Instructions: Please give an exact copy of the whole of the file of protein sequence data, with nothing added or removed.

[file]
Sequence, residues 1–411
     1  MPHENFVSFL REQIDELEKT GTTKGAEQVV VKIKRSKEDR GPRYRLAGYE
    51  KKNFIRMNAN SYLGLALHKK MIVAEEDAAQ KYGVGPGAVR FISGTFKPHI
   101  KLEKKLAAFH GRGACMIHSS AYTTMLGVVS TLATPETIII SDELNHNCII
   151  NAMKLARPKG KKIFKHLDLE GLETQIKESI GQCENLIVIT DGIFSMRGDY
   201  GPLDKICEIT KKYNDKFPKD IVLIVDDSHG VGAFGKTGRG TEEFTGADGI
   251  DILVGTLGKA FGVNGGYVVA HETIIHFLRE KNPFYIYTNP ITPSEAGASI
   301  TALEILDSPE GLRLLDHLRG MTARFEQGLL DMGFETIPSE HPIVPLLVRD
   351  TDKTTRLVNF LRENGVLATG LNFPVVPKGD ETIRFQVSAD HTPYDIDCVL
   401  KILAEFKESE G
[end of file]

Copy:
Sequence, residues 1–411
     1  MPHENFVSFL REQIDELEKT GTTKGAEQVV VKIKRSKEDR GPRYRLAGYE
    51  KKNFIRMNAN SYLGLALHKK MIVAEEDAAQ KYGVGPGAVR FISGTFKPHI
   101  KLEKKLAAFH GRGACMIHSS AYTTMLGVVS TLATPETIII SDELNHNCII
   151  NAMKLARPKG KKIFKHLDLE GLETQIKESI GQCENLIVIT DGIFSMRGDY
   201  GPLDKICEIT KKYNDKFPKD IVLIVDDSHG VGAFGKTGRG TEEFTGADGI
   251  DILVGTLGKA FGVNGGYVVA HETIIHFLRE KNPFYIYTNP ITPSEAGASI
   301  TALEILDSPE GLRLLDHLRG MTARFEQGLL DMGFETIPSE HPIVPLLVRD
   351  TDKTTRLVNF LRENGVLATG LNFPVVPKGD ETIRFQVSAD HTPYDIDCVL
   401  KILAEFKESE G